THT 10 years ago: ‘Extend financial services to destitute people’

Kathmandu, September 20, 2006

Micro-finance experts today urged concerned authorities to increase access of financial services to disadvantaged sections of the people across the country to improve their economic status.

Tory Clawson, country director of Save the Children USA, speaking at a programme on ‘Building Inclusive Financial System for Economic Development’ spoke of the need to increase access of financial services to women and disadvantaged sections of people in Nepal, particularly in the context of inclusive democracy in Nepal.

Clawson said it is the first time that Save the Children USA is focusing on the economic sector in a bid to increase access of deprived people to resources, as they also possess creative and useful ideas for increasing economic activities in the society.

Tulasi Prasad Uprety, board member of the Centre for Micro-finance, mentioned about inclusive financial services for economic development in Nepal. Uprety said that an inclusive financial service does not exclude poor and low-income people from accessing credit, insurance, remittances and savings.

He stressed on the fact that social inclusion demands accessing financial services to groups and communities that are not being easily included in socio-political framework such as Dalits and indigenous people.

Uprety said that banks are concentrated mostly in urban and semi-urban areas.

CIAA seeks regional offices to fight graft

Submitting the annual report of the Commission for the Investigation of Abuse of Authority (CIAA) to the Prime Minister for the first time today, chief of the CIAA, Surya Nath Upadhyaya, called on PM Girija Prasad Koirala to set up regional offices of the CIAA in all five development regions so as to launch a nationwide anti-corruption campaign effectively.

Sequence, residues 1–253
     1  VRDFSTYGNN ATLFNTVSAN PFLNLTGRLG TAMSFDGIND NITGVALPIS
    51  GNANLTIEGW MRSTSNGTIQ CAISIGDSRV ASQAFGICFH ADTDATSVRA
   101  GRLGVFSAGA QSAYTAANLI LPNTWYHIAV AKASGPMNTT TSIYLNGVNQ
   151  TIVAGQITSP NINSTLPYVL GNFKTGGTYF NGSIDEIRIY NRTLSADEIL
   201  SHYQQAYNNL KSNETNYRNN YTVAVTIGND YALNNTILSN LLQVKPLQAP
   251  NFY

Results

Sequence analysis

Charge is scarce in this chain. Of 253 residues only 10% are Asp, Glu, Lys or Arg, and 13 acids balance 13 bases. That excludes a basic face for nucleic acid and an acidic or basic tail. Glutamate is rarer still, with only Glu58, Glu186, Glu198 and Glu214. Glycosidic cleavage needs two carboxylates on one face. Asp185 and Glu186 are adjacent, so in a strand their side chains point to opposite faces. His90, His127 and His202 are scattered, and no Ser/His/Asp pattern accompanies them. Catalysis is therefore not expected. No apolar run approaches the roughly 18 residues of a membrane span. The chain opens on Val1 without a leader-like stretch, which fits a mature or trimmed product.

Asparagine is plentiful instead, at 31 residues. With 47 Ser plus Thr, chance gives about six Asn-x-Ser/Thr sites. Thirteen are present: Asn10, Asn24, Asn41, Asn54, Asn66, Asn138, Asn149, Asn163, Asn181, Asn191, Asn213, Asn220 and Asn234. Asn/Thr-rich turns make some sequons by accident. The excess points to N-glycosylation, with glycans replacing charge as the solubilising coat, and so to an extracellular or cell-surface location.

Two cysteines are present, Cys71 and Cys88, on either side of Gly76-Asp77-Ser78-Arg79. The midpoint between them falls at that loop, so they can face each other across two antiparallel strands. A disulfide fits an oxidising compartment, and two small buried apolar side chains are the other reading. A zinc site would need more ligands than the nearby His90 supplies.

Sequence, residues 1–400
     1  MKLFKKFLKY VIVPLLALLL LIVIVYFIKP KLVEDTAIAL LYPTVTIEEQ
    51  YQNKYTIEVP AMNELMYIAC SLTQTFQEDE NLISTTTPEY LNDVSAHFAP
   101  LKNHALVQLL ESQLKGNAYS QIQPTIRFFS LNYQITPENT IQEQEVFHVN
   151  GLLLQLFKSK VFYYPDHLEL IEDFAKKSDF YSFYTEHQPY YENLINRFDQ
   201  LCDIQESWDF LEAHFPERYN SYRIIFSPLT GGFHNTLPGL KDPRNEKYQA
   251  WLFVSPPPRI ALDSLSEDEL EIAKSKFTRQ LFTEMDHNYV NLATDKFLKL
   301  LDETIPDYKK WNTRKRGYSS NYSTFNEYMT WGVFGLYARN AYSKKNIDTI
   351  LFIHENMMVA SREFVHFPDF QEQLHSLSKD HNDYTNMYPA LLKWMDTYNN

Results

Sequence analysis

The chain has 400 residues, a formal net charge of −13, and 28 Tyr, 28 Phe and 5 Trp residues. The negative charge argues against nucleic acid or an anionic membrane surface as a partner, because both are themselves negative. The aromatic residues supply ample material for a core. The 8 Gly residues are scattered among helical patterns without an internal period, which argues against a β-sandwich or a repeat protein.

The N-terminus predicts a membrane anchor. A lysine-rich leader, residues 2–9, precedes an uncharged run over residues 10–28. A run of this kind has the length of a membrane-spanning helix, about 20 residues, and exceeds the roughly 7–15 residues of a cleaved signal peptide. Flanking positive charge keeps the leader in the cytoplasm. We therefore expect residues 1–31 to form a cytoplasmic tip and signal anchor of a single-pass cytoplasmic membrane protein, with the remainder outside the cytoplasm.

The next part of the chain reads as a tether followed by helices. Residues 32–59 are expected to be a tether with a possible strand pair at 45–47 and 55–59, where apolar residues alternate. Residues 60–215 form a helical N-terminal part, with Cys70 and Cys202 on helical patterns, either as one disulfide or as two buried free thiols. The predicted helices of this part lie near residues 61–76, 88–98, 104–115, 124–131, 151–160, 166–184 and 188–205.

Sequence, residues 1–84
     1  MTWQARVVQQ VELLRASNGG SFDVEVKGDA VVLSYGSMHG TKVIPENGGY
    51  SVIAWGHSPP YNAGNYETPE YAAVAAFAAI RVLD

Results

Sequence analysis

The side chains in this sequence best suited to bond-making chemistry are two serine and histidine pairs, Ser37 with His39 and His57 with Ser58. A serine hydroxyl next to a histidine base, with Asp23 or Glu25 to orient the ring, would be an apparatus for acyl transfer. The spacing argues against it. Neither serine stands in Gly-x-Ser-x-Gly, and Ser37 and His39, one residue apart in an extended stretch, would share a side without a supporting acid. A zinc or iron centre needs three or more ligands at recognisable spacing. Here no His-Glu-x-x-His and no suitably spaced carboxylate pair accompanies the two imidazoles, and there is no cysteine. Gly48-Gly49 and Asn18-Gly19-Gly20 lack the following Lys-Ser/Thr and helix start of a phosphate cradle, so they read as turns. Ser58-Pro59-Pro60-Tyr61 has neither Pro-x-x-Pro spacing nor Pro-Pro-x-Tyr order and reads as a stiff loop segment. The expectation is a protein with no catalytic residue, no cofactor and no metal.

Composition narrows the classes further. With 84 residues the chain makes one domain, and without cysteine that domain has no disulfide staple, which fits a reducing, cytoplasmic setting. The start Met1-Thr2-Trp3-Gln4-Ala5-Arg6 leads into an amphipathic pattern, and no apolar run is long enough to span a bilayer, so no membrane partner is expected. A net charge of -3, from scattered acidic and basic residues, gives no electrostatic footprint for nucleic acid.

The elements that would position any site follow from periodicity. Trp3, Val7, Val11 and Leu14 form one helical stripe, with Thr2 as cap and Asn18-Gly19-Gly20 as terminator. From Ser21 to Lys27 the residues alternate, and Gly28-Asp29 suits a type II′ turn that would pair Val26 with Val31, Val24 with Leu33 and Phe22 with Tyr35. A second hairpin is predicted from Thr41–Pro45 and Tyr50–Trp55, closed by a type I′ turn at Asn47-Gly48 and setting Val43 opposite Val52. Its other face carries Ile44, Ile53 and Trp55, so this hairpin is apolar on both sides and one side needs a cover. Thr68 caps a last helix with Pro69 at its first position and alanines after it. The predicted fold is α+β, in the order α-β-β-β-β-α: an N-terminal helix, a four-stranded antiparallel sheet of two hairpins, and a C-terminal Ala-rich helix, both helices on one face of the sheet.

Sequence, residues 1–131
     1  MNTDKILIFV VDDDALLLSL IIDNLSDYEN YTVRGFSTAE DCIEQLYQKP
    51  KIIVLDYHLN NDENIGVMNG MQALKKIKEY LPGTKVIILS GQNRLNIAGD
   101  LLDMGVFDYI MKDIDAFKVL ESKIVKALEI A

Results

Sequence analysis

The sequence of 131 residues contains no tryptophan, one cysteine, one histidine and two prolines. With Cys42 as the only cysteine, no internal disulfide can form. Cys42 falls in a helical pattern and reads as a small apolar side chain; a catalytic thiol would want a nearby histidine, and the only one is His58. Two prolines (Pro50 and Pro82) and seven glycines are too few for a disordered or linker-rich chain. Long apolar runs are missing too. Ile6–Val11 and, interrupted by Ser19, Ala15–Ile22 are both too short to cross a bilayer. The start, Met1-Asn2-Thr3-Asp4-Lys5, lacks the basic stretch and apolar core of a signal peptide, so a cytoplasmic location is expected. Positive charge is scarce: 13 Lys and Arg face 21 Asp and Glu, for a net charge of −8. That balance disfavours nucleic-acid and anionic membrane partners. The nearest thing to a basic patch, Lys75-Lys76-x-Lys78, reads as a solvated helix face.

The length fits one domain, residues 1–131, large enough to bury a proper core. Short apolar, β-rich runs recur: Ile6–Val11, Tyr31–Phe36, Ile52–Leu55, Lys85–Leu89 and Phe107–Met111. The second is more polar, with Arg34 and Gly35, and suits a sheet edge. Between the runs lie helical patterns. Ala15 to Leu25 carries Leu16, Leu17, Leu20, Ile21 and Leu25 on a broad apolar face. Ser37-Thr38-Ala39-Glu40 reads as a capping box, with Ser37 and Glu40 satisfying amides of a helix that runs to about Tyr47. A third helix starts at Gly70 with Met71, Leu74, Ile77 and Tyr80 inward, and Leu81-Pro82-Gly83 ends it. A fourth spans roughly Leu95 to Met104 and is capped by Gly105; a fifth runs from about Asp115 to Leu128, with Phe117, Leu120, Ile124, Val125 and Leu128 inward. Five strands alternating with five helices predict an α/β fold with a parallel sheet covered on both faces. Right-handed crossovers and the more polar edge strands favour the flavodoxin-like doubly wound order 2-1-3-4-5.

“The District Administration Offices and the Regional Administration Offices are not focusing on checking corruption,” Upadhyaya said, stressing the need to set up the regional offices. “Only by setting the regional offices can the CIAA launch an anti-corruption drive effectively,” Upadhyaya said.

Upadhyaya and other CIAA commissioners had gone to the official residence of the PM to hand him the report. Receiving the report, Koirala appreciated CIAA commissioners for discharging their duties even during difficult times.

The CIAA used to submit annual reports to the King. The CIAA had urged the Special Court to seize Rs 600 million from those found embezzling state funds in the fiscal year 2062-63. The anti-graft body had field 108 cases in the court.

In the fiscal year 2061-62, the CIAA had called on the court to seize Rs 1.75 billion from those who were found embezzling the state funds.